Norwegian black metal veterans, Immortal, have released their long awaited 9th studio album, Northern Chaos Gods. Northern Chaos Gods came out on the 6th of July via Nuclear Blast and marks the band’s first album since their well publicised split with former member, Abbath.
Northern Chaos Gods is actually the band’s first new album in 9 years, following on from 2009’s All Shall Fall. Some of that delay can be attributed to the split from Abbath (Olve Eikemo) which was officially confirmed in 2014 though problems were reported long before that. Abbath has gone on to have a very successful solo career under just Abbath. His self titled debut was released in early 2016 and you can read our thoughts on it here.
That leaves Immortal as a two piece with Demonaz (Harald Nævdal) on guitars and vocals and Horgh (Reider Horghagen) on drums with bass provided by long term friend of the band, as a session artist, Peter Tägtgren. Peter also produced, mixed and mastered Northern Chaos Gods for the band having worked with them on previous albums like All Shall Fall and Sons of Northern Darkness.
Northern Chaos Gods has 8 tracks or 42 minutes of angry metal on it. The album opens with the lead single and title track. It is a vicious opener, jam packed with guttural screams and crunching riffs. The bass and drums pound you into submission as the band let you know who they are and what to expect. Into Battle Ride comes next and is one of the best songs on the album. It is also one of the most brutal. The drums are blisteringly fast throughout and the guitars sound almost metallic as they hit you with their crunch. The verse has a bit of a punchy rhythm to it that builds before exploding into a chaotic chorus. There is so much heaviness on this album.
Tracks like Called to Ice and Blacker of Worlds are vicious in their attack, though Called to Ice drops into some seriously strong rhythm sections that will have the heads moving. Blacker of Worlds tends to go for the pounding repetitive rhythm with dark screams and visceral growls. Outside of the brutality, there are plenty of little moments of melody and atmosphere to break the album up too. Don’t get me wrong, all the songs are heavy but tracks like Grim and Dark drop a killer guitar solo and Gates to Blashyrkh has an atmospheric section with a melodic ringing guitar that transports you to a cold, bleak Northern forest.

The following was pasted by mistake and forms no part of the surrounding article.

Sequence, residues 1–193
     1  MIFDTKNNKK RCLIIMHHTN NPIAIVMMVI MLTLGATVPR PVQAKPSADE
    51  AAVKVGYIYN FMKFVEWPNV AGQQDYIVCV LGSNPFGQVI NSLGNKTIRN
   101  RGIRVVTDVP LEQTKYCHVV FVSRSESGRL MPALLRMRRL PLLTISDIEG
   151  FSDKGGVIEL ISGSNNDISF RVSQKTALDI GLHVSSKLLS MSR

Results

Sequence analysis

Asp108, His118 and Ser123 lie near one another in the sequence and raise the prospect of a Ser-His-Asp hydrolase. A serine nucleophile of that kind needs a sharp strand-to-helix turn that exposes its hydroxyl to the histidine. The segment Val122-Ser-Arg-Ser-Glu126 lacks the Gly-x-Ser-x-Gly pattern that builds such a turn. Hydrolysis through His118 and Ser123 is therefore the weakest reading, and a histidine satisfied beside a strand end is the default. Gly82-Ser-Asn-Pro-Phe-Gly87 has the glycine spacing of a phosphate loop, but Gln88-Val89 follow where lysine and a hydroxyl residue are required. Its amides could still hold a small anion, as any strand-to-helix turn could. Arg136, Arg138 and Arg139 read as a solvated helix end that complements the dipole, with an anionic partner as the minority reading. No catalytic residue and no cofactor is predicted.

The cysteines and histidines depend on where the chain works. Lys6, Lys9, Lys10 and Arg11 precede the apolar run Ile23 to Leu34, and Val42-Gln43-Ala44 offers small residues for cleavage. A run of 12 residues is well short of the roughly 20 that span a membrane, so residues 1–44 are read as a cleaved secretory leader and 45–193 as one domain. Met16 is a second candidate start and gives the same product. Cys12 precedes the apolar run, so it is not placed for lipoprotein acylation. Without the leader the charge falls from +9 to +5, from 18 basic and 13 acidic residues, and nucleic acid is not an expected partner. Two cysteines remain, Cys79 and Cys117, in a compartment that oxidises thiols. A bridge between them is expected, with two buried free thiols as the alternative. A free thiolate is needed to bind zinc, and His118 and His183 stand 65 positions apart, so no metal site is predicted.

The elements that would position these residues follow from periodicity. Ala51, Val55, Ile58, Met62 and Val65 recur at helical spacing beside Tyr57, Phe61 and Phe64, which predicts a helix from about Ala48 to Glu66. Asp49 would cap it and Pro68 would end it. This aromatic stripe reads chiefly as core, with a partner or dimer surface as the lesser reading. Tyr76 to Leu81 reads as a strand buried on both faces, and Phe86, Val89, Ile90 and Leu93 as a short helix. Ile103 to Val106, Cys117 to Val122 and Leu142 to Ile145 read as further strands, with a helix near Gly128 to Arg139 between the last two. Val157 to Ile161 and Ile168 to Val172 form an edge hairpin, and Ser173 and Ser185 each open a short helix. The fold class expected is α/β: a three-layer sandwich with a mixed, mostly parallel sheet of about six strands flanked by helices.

As good as the album is so far, it all builds to the epic masterpiece that closes the album. Mighty Ravendark. Around 10 minutes in length, it is a mighty song that chucks in a little bit of everything on the album. Fierce riffs, blasting drum beats and visceral screaming make way for a couple atmospheric touches and melodic guitar lines before building for a brutal ending that leaves you craving for more.
Created as a love letter to all things black metal, from their rawest traditional past to more modern sounds, Northern Chaos Gods is a cold and calculating assault that will very quickly remind everyone who the kings of black metal are.
Northern Chaos Gods is available now on all the usual streaming services like Apple Music and Spotify. You can grab a physical copy from Nuclear Blast, here. Keep up to date with news and information on Immortal at their website, on Facebook and on Twitter.
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Northern Chaos Gods by Immortal (Nuclear Blast)